What you didn't know - Top stress fighting foods
If you’re feeling stressed, it’s only natural to try and seek relief. While occasional bouts of stress are difficult to avoid, chronic stress can take a serious toll on your physical and emotional health. Interestingly, certain foods and beverages may have stress-relieving qualities. Here I have compiled a list of the best stress-relieving foods and beverages to add to your diet:
Green tea matcha
This vibrant green tea powder is popular among health enthusiasts because it’s rich in L-theanine, a non-protein amino acid with powerful stress-relieving properties.
Matcha is a better source of this amino acid than other types of green tea, as it’s made from green tea leaves grown in shade. This process increases its content of L-theanine.
Both human and animal studies show that matcha may reduce stress if its L-theanine content is high enough and its caffeine is low.
Kimchi is a fermented vegetable dish that’s typically made with napa cabbage and daikon, a type of radish. Fermented foods like kimchi are packed with beneficial bacteria called probiotics and high in vitamins, minerals, and antioxidants.
Research reveals that fermented foods may help reduce stress and anxiety.
Many studies show that probiotic supplements and probiotic-rich foods like kimchi have beneficial effects on mental health. This is likely due to their interactions with your gut bacteria, which directly affect your mood
Artichokes are an incredibly concentrated source of fibre and especially rich in prebiotics, a type of fibre that feeds the friendly bacteria in your gut.
Animal studies indicate that prebiotics like fructooligosaccharides (FOSs), which are concentrated in artichokes, may help reduce stress levels.
Artichokes are also high in potassium, magnesium, and vitamins C and K, all of which are essential for a healthy stress response
Organ meats, which include the heart, liver, and kidneys of animals like cows and chickens, are an excellent source of B vitamins, especially B12, B6, riboflavin, and folate, which are essential for stress control.
For example, B vitamins are necessary for the production of neurotransmitters like dopamine and serotonin, which help regulate mood.
Supplementing with B vitamins or eating foods like organ meats may help reduce stress.
Eggs are often referred to as nature’s multivitamin because of their impressive nutrient profile. Whole eggs are packed with vitamins, minerals, amino acids, and antioxidants needed for a healthy stress response.
Whole eggs are particularly rich in choline, a nutrient found in large amounts in only a few foods. Choline has been shown to play an important role in brain health and may protect against stress.
Animal studies note that choline supplements may aid stress response and boost mood.
Shellfish, which include mussels, clams, and oysters, are high in amino acids like taurine, which has been studied for its potential mood-boosting properties.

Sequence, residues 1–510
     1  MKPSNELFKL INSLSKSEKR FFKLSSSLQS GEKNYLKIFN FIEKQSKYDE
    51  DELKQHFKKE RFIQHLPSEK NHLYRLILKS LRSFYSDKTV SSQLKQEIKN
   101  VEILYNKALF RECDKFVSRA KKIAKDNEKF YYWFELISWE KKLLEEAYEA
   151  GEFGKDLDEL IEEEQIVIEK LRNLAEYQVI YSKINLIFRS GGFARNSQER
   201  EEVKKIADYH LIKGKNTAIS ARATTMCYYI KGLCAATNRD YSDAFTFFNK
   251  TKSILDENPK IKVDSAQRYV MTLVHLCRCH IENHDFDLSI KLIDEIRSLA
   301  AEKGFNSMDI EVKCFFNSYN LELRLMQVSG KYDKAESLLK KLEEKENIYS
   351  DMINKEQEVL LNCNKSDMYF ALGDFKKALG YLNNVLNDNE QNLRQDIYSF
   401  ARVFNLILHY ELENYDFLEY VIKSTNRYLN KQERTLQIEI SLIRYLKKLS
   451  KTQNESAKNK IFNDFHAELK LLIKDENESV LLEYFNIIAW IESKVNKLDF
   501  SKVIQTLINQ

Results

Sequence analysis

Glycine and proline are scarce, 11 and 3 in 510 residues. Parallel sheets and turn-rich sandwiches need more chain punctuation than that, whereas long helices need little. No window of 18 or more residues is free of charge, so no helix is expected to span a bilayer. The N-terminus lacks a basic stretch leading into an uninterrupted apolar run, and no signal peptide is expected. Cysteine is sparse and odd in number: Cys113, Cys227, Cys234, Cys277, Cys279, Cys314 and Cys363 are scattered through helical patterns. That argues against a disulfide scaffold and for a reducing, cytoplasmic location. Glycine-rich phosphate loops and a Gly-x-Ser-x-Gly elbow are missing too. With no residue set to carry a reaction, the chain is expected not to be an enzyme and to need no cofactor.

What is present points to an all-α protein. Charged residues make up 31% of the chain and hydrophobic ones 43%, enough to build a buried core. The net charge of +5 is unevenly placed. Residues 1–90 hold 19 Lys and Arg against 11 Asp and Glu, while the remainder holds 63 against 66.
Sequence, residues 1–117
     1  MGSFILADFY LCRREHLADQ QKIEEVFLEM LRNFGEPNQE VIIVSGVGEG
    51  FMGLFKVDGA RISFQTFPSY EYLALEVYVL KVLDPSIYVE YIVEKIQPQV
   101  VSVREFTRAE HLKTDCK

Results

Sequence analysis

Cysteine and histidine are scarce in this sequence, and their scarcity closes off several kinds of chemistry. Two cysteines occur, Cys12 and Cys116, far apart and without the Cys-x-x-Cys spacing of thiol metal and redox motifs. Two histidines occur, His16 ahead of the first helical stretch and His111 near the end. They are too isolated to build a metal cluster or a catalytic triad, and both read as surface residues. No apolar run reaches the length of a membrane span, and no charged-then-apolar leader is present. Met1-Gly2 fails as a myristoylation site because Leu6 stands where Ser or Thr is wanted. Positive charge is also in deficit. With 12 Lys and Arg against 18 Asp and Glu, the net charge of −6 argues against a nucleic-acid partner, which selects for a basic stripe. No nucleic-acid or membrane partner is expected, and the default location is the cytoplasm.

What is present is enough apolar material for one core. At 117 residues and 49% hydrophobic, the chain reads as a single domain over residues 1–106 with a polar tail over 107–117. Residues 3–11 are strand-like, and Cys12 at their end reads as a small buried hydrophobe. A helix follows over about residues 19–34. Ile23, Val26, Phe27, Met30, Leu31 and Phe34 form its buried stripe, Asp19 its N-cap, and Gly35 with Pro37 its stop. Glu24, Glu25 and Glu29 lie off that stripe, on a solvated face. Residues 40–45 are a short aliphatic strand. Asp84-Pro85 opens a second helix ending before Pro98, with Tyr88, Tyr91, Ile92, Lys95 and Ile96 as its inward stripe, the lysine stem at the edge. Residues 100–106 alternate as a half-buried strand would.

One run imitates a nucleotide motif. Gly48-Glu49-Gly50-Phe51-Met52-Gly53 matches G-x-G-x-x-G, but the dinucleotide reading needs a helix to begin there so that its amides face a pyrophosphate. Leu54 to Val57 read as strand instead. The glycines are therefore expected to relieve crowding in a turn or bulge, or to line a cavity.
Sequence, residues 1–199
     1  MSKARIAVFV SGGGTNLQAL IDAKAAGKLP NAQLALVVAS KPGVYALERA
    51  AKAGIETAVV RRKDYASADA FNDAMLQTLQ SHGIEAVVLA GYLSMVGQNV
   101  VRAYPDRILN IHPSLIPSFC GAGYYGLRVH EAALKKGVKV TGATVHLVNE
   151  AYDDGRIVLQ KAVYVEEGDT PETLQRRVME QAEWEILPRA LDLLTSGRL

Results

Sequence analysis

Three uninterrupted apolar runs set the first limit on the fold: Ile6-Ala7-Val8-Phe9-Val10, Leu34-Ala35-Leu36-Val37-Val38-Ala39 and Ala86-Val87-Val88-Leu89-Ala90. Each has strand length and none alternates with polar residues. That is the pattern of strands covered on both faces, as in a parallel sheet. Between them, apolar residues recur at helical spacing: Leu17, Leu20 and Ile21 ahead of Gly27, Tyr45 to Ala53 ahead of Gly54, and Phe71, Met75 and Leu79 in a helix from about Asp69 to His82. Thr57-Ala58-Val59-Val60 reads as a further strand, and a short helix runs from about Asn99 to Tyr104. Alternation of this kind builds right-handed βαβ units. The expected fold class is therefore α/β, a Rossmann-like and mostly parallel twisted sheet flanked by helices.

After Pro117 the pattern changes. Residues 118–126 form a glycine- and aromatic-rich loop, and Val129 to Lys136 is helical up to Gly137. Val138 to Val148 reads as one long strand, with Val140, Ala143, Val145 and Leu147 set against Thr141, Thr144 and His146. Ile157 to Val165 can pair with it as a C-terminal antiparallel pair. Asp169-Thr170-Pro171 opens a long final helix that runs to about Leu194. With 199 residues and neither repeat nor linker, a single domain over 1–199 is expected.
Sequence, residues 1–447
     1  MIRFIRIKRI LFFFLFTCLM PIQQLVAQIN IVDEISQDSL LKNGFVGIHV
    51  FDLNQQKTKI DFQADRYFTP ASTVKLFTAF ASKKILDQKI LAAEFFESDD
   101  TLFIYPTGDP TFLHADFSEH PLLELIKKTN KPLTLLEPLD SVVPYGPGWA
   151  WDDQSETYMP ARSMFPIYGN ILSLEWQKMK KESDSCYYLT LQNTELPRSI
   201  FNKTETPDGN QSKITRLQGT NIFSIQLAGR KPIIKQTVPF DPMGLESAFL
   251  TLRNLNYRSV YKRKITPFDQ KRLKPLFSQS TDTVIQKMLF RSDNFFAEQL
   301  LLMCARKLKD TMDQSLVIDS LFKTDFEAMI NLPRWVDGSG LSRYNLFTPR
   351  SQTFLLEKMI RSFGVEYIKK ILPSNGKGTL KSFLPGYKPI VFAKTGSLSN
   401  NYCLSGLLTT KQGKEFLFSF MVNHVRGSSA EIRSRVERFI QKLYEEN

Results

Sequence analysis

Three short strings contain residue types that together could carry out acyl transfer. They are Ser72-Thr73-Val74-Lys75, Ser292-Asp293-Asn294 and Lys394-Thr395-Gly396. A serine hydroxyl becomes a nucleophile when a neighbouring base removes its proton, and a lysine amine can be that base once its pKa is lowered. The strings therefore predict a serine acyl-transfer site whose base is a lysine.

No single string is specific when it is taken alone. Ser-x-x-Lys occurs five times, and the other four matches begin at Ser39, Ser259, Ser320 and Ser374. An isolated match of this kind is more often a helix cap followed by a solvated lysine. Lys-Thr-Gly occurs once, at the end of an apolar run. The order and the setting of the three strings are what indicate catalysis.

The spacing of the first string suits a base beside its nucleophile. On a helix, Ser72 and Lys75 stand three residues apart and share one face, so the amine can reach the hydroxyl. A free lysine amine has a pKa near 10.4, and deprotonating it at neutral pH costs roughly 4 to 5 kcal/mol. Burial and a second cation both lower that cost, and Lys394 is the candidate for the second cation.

Taurine and other amino acids are needed to produce neurotransmitters like dopamine, which are essential for regulating stress response. In fact, studies indicate that taurine may have antidepressant effects.
Shellfish are also loaded with vitamin B12, zinc, copper, manganese, and selenium, all of which may help boost mood.
Acerola cherries are one of the most concentrated sources of vitamin C. They boast 50–100% more vitamin C than citrus fruits like oranges and lemons.
Vitamin C is involved in stress response. What’s more, high vitamin C levels are linked to elevated mood and lower levels of depression and anger. Plus, eating foods rich in this vitamin may improve overall mood.
Although they can be enjoyed fresh, acerola cherries are highly perishable. As such, they’re most often sold as a powder, which you can add to foods and beverages.
Fatty fish like mackerel, herring, salmon, and sardines are incredibly rich in omega-3 fats and vitamin D, nutrients that have been shown to help reduce stress levels and improve mood.
Omega-3s are not only essential for brain health and mood but may also help your body handle stress. In fact, low omega-3 intake is linked to increased anxiety and depression in Western populations.
Vitamin D also plays critical roles in mental health and stress regulation. Low levels are associated with an increased risk of anxiety and depression.
Parsley is a nutritious herb that’s packed with antioxidants — compounds that neutralize unstable molecules called free radicals and protect against oxidative stress.
Oxidative stress is associated with many illnesses, including mental health disorders like depression and anxiety. Studies suggest that a diet rich in antioxidants may help prevent stress and anxiety.
Antioxidants can also help reduce inflammation, which is often high in those with chronic stress.
Parsley is especially rich in carotenoids, flavonoids, and volatile oils, all of which have powerful antioxidant properties.
Garlic is high in sulphur compounds that help increase levels of glutathione. This antioxidant is part of your body’s first line of defence against stress.
What’s more, animal studies suggest that garlic helps combat stress and reduce symptoms of anxiety and depression.